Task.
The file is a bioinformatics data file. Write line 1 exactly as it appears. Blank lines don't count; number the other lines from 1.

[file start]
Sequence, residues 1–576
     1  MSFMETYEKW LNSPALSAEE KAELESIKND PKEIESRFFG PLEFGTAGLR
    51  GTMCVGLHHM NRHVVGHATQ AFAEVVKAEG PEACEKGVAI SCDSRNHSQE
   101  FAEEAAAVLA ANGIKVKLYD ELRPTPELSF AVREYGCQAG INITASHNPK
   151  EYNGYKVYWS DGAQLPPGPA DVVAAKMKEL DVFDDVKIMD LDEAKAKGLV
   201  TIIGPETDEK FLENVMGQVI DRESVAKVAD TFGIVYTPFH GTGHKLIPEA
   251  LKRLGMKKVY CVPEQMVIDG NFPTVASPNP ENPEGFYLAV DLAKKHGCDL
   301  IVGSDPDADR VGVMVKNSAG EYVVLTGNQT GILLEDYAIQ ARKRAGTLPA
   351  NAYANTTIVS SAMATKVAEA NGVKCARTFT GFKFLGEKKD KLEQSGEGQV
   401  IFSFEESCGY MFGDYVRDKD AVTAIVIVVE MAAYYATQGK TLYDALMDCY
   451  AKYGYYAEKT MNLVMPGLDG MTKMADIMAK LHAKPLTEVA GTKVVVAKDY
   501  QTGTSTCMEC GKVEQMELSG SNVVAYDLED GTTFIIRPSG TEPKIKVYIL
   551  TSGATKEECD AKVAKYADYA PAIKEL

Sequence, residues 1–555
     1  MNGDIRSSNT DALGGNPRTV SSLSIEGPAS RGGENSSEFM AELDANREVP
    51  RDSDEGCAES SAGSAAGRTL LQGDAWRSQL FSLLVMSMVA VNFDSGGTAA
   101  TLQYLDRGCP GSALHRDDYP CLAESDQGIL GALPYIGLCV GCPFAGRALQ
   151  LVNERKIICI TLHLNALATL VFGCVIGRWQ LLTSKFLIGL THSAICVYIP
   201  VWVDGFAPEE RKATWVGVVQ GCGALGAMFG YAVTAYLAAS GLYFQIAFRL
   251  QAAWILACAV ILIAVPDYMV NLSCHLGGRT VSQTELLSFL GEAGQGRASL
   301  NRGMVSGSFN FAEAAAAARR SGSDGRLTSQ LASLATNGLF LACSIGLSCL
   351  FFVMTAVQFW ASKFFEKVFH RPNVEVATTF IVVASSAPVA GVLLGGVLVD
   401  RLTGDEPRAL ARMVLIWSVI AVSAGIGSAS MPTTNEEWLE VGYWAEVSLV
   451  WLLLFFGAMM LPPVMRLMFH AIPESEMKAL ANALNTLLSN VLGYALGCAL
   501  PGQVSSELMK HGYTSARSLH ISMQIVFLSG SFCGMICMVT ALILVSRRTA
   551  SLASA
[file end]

Sequence, residues 1–576